JOSEF LOCKE: Hear my Song, Violetta
Hear my Song, Violetta (Lukesch-Klee-Pepper) (5, 1947),
Come back to Sorrento (De Curtis-Aveling) (6, 1947),
I'll take you home again, Kathleen (Westendorf, arr. Parry) (5,
My Heart and I (Tauber-Tysh) (6, 1947),
The garden where the praties grow (trad. arr. Liddle) (1, 1950)
Santa Lucia (Cottrau-Marzials) (6, 1947),
Song of Songs (Moya-Lukas) (6, 1947),
While the Angelus was ringing (Villard-Manning) (4, 1949),
When you're in love (O'Connor-Fields-John) (2, 1949),
Galway Bay (Colehan) (7, 1948),
Down in the Glen (Gordon-Connor) (8, 1950),
Bless this House (Brahe-Taylor) (2, 1948),
How can you buy Killarney? (Kennedy-Grundland-Morrison-Steele)
Within this heart of mine (Gay) (8, 1950),
Eileen O'Grady (Cormack) (1, 1950),
The Soldier's Dream (Helmer-Krier-Humphrey) (4, 1949),
Goodbye (Stolz-Graham, from White Horse Inn) (6, 1947)
Josef Locke (tenor), Gerald
Moore (piano) (1), unnamed orchestras conducted by Herbert Caruthers (2),
Geraldo (3), Woolf Phillips (4), Eric Robinson (5), George Scott-Wood
(6), Debroy Somers (7), Danny Walters (8). All items recorded in London.
NAXOS Nostalgia 8.120549 [56.13]
As it happened this record came to me while I was reading the booklet to another recently arrived CD and had just learnt that Svendsen's Third Symphony was destroyed by the composer's wife when, in a not-infrequent tiff, she threw it onto the fire. I noted that Torna a Surriento, Neapolitan anthem par excellence, was to be sung in English and thought of my Southern Italian wife and wondered what the future of this disc would be. Well, the disc's all right but I'm not sure if I am!
Now, to be serious, the once immensely popular Irish tenor (1917-1999) shows a fine voice, squillante, as the Italians call it, in a way not many non-Italians fully manage. This piece does seem strange in English and it is slower than Italian singers normally do it, but the English words seem to fit the tempo. Another curious piece is Hear my Song, Violetta, with its zany quotations from La Traviata.
Most of the pieces here are English originals and it is easy to see why the public loved him, with his generous tone, but also his honeyed head-tones (Within this heart of mine has a particularly soothing effect), a clear way with words and a natural musicianship (too much swooning in Galway Bay is the exception not the rule) and a way of presenting a song. Over a whole CD it becomes evident that his range was not wide but within his limits he was a fine singer. I found the two items with Gerald Moore, and especially the charming The Garden where the Praties grow, quite delightful and wonder if more discs in a delicate vein are around. I note, as some time back I noted in a very different context with regard to Bernadette Greevy, that real Irish singers don't camp up their accents. A touch here and there is quite enough.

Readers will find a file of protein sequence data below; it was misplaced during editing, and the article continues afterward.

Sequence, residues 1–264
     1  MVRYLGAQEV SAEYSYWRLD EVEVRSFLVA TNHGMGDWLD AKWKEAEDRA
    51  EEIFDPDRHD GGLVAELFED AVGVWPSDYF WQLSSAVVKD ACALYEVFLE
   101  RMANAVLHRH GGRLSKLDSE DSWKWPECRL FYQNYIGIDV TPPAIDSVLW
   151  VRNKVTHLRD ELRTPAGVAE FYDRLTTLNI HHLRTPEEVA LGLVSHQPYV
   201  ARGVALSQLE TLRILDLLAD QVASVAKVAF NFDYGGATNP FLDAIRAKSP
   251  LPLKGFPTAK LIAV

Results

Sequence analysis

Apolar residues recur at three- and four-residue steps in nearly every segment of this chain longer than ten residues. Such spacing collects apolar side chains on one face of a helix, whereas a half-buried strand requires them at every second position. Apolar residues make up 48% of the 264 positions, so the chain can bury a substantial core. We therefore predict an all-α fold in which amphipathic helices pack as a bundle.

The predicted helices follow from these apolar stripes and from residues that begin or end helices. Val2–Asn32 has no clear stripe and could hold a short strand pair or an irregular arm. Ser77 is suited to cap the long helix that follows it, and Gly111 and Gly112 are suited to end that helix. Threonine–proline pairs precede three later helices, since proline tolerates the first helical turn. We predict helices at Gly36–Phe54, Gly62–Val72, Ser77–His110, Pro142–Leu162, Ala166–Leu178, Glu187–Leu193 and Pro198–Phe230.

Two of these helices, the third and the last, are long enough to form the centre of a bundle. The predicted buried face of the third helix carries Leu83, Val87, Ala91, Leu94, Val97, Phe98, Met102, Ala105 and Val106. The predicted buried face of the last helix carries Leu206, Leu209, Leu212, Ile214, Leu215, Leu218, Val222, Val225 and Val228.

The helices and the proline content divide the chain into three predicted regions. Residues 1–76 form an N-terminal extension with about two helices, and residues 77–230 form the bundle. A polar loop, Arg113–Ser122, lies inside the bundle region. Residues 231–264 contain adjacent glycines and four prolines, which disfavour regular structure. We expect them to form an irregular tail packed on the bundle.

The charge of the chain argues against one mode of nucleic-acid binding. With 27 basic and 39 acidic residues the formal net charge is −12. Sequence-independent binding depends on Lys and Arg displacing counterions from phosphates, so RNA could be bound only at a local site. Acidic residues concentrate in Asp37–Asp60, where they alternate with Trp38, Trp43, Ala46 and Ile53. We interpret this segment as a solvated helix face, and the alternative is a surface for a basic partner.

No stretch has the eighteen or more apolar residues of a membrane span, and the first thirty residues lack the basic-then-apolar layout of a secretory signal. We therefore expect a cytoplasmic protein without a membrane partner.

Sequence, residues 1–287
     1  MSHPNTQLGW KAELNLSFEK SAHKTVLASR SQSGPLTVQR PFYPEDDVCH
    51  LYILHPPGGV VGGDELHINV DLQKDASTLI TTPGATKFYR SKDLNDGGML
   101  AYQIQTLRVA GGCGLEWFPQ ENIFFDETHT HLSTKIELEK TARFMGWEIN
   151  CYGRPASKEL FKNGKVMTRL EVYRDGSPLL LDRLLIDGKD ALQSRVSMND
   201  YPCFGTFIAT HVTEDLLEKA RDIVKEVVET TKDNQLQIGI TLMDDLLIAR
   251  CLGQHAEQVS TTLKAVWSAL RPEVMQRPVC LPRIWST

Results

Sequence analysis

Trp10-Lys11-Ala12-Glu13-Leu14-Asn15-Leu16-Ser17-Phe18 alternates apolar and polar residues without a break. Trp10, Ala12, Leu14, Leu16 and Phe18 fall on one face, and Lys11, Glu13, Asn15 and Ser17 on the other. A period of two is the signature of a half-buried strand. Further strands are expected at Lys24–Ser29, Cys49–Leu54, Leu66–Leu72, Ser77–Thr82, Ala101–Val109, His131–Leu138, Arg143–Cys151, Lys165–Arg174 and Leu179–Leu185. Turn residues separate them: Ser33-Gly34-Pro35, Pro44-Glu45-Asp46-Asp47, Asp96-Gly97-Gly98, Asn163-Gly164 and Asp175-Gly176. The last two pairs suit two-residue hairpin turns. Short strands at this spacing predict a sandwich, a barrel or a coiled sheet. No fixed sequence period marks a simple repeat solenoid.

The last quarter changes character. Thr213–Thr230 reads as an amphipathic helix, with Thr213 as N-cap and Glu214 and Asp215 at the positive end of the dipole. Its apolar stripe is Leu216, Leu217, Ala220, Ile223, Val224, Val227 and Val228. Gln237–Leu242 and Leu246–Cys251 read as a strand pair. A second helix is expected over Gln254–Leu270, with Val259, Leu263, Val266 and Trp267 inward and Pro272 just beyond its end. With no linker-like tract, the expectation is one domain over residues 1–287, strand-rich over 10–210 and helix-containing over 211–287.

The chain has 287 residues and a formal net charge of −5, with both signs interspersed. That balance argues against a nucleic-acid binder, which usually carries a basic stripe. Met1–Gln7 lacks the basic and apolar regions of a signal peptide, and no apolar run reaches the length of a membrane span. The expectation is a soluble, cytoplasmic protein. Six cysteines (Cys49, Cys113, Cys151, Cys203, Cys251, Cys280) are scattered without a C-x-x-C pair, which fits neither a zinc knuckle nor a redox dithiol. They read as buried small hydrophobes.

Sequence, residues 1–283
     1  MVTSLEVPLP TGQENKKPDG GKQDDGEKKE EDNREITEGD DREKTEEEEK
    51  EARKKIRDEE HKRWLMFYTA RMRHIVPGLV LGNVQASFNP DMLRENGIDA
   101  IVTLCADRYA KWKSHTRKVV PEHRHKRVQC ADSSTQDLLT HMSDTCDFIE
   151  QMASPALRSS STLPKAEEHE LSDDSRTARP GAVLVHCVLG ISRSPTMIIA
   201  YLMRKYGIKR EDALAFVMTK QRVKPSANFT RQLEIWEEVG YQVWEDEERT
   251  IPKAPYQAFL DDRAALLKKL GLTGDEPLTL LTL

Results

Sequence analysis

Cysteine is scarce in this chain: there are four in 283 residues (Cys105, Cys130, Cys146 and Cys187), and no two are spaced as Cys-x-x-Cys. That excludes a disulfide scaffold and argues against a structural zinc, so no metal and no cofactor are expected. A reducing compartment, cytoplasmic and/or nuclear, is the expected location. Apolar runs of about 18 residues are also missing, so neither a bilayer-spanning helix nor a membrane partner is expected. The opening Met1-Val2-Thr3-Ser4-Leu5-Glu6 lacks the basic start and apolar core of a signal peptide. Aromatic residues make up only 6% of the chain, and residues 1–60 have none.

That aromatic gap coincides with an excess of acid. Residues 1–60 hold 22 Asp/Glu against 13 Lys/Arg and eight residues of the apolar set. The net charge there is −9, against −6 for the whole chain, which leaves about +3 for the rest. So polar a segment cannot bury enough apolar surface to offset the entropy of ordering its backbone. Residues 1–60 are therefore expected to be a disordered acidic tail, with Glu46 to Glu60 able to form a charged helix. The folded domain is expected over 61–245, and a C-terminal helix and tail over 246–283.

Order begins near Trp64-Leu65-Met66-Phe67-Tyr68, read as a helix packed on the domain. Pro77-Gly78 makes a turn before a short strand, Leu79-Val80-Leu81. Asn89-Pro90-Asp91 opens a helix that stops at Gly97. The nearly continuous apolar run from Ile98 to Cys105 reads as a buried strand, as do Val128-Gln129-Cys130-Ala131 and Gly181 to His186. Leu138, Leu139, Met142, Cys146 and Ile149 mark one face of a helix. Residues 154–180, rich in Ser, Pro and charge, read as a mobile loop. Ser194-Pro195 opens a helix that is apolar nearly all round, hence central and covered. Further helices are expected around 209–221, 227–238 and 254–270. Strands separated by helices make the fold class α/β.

With full notes (no texts but I honestly didn't miss them) and good transfers this can be taken as a definitive presentation of a singer who gave a lot of pleasure in his day. Apart from nostalgic or specialised interest, what has Locke to offer to a present-day listener? Well, if you like a really tenory tenor, with proper baritonal support and a heroic ring to his upper register, singing light repertoire, and singing it in English (yes, Gigli and Tauber sometimes sang in English, but the less said about that the better) then you should enjoy this. Certainly a voice of this quality would bring in the crowds today.
A definitive presentation of a singer who gave a lot of pleasure in his day. A really tenory tenor, with proper baritonal support and a heroic ring to his upper register, singing light repertoire.